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Is there a sustainable form of city architecture?

In response to the negative impact of urbanisation on the environment, a new form of inventive, experimental architecture is emerging around the world. How can architecture become sustainable by offsetting the waste it produces and the resources it consumes?

Is there a sustainable form of city architecture?

A sustainable city cannot exist without sustainable architecture. This means buildings that better respect the environment and ecology while serving their occupants' health and well-being. The architects involved in this approach strive to adopt a global vision that considers all economic, environmental, and social impacts. In urban planning projects, architects have different means at their disposal to design sustainable housing.

Energy management

While the French low-energy building standard (BBC) has become the norm for new buildings, sustainable architecture takes things further by aiming for energy neutrality or designing buildings that generate more energy than they use. To achieve this, several green energy production methods can be used, for example solar panels, solar energy boilers, or domestic wind turbines.

Net positive energy buildings (BEPOS certification)

A net positive energy building produces more energy than it consumes. The 16-storey Elithis Danube tower in Strasbourg is a good example of this type of building. It produces 112% of its total energy requirements thanks to its solar panels and its innovative architecture, which offers high performance thermal insulation.

Eco-materials 

A sustainable building must produce its own energy, but it must also reduce its energy consumption with high performance insulation. The choice of materials is crucial. Sustainable architecture uses materials such as wood, stone, aerated concrete, hemp lime or recovered materials such as industrial containers.

The orientation, shape, and size of the building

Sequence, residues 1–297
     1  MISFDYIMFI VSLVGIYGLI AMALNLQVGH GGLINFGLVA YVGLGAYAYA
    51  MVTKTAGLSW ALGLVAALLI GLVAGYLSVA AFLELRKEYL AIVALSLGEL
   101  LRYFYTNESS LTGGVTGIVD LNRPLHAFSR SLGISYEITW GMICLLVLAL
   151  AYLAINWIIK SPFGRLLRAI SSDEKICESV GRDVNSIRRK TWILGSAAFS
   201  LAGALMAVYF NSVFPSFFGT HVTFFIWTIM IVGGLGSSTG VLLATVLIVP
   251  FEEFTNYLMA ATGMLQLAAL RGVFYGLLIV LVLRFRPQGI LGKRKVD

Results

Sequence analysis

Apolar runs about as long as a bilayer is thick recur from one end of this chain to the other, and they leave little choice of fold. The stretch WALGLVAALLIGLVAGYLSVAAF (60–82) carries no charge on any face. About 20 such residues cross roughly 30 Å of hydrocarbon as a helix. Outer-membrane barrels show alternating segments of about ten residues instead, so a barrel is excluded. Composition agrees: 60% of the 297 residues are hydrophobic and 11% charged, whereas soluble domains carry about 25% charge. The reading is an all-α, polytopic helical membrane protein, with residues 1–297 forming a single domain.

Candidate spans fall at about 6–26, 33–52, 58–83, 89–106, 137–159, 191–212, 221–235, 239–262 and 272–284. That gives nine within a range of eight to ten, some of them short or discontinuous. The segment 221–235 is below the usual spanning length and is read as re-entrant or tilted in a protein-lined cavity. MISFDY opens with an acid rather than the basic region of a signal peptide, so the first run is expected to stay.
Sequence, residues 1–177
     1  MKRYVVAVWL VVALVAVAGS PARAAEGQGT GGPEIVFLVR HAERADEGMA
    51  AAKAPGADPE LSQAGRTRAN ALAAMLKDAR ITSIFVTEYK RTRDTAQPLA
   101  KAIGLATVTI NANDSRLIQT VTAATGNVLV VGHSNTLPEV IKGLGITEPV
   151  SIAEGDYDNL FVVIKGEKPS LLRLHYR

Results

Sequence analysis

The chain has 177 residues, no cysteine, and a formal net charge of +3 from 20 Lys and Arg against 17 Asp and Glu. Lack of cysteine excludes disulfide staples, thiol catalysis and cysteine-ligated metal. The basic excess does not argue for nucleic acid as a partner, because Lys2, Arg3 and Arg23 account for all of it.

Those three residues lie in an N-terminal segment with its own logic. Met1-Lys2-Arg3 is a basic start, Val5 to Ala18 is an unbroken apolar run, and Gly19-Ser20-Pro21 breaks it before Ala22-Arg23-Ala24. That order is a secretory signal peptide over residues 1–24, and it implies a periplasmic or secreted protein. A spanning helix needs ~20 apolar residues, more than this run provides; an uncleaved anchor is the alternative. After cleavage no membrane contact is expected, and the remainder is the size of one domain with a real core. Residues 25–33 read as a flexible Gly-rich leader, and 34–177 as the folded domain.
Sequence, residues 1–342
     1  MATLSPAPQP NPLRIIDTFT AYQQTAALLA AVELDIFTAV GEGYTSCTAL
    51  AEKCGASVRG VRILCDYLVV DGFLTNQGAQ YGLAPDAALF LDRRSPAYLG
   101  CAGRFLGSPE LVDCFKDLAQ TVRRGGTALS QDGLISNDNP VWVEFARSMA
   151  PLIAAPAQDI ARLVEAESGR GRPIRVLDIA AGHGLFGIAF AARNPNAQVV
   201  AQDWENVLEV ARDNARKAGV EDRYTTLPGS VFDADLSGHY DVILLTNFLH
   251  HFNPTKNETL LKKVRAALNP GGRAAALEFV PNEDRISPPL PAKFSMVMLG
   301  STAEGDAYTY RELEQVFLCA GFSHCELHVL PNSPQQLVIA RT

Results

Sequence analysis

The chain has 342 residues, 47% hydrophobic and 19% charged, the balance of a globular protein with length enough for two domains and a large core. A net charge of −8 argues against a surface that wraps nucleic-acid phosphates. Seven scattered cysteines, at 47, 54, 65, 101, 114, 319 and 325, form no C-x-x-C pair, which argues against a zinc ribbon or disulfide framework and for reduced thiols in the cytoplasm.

In general, north-facing walls have few openings while south-facing walls are more open. The greater the external surface area, the more heat is lost, so a smaller, more compact building will lose less heat. Plant-covered walls can also protect the building from the sun and create a layer that will retain heat.

Ecological architecture

Ecological architecture uses the environmental conditions of the building's location to reduce its energy use. This innovative design process has three underlying principles: capturing sunlight, transforming and circulating the sun's heat throughout the building, and retaining heat with effective insulation.

 

Waste management

Waste management uses energy. Sustainable architecture integrates systems for sorting and composting waste and collecting rainwater. In addition, the energy used to eliminate waste can be recycled: heat pumps can heat water and/or air via a thermodynamic process.

The latest trends in sustainable architecture

Some believe that sustainable architecture is not a discipline in its own right but rather a way of designing buildings that prioritise technical solutions without observing a given architectural style, or architectural harmony. Eco-neighbourhoods are often distinctive with colourful buildings that use materials such as wood and plant-covered walls or roofs. Some ecological architects use organic forms, for example blob architecture, a trend in which buildings have a wavy or curvy design. 

An even more experimental architectural trend is becoming increasingly popular – upcycling, which involves reusing materials indefinitely. This allows for zero-waste, fully recyclable sustainable buildings that can be dismantled at the end of their useful lives before being reused elsewhere in a different form. This concept has yet to make a breakthrough in France, but some projects are beginning to take shape.

Sources: batimat; smart-city.eco

 

Read our articles to understand how sustainable cities can reconcile urbanisation and sustainable development.

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